Jan 28, 2014

Indoor Preschool Games

 
In early childhood settings, it is important to have a curriculum that includes physical activities that will foster gross motor development. But, sometimes, there are those days when the weather does not cooperate for the young children to have their allocated outside play time. When those days occur, whether it's due to rainy days, or too cold or hot temperatures, then it is a good idea to have some games and movement activities available for young children to engage in. Following are some game ideas for young children to play inside. These games are helpful in preschool and daycare settings but can also be used at home and for birthday parties.

 

 

Who is Under the Blanket?


One child is chosen to leave the group, and is sent away somewhere so that he/she cannot see the rest of the class. The teacher then chooses one child to hide under the blanket. When the selected child returns to the group, he/she must guess who is under the blanket. It is important to tell the children, before the game begins, how everyone must keep the secret and not give the child's name away to the guesser.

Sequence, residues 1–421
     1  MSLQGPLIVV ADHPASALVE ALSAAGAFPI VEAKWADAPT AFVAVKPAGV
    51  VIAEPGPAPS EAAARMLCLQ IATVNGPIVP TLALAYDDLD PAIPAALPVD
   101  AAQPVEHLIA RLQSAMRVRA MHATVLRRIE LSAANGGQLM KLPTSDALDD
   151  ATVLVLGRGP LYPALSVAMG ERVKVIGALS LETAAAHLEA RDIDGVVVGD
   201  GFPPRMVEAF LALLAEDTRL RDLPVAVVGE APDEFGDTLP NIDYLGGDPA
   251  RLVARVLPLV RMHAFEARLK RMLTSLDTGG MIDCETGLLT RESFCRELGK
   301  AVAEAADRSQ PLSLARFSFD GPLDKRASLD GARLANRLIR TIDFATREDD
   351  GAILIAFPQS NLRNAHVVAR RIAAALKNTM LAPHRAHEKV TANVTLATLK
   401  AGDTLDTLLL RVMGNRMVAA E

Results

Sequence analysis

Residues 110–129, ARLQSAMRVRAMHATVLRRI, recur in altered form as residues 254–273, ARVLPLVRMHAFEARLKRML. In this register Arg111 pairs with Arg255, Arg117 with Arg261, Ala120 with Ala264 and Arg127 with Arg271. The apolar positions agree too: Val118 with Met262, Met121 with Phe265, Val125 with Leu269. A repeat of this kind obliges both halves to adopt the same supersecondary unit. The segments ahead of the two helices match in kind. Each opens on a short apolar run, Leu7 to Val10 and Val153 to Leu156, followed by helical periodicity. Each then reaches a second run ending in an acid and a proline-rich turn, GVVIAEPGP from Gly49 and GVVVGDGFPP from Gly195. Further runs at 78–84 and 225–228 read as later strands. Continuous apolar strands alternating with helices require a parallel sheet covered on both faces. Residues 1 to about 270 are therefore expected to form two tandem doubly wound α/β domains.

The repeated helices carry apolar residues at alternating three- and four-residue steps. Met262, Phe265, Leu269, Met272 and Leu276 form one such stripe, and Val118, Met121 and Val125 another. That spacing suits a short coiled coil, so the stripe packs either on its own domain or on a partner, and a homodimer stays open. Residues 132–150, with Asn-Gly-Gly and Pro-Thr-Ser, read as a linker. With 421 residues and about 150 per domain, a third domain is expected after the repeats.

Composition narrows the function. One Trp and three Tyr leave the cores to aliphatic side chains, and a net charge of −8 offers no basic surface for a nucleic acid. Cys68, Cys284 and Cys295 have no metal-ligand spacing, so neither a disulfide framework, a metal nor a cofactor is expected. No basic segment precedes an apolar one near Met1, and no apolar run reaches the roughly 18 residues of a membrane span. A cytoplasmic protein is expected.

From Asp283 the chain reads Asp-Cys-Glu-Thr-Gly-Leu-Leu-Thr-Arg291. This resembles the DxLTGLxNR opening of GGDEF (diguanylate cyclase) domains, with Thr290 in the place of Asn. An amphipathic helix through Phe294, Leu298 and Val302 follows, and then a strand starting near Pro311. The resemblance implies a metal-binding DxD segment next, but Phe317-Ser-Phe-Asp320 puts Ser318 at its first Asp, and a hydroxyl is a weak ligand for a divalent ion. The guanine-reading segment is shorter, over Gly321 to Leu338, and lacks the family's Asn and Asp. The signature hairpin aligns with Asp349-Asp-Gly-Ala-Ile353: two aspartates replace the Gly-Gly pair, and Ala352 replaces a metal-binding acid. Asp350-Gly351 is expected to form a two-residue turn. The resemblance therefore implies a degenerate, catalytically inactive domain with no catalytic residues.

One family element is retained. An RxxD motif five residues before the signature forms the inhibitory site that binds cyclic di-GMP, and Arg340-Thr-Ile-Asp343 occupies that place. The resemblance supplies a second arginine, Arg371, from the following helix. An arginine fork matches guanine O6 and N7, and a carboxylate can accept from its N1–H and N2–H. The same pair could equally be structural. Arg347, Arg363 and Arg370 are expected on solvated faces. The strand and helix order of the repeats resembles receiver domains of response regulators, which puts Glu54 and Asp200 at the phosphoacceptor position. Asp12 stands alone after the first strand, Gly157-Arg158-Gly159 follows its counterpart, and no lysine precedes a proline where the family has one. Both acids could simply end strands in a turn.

Fruit Basket


Every child in a circle receives a picture of a fruit. There are pairs of fruit. A teacher calls out a fruit, such as "apple" and two people will stand up and change seats. This is done several times, and then the teacher says, "fruit basket" and all the children must stand up and move to another seat. This game can have other variations, such as bug dance.

Doggie, Doggie, Where's Your Bone?


One child is selected to be the dog, and sits in a chair with his/her back to the children who are sitting in a circle. The teacher chooses a child from the group to steal the bone which is sitting under the chair. The child makes sure that bone cannot be seen and the group says, "Doggie, doggie, where's your bone? Somebody stole it from your home. Guess who? Maybe you! Maybe the monkeys from the zoo. Wake up doggie, find your bone". This game can have many variations depending on seasons, holidays and themes. For instance, it can be a squirrel and the nut is stolen.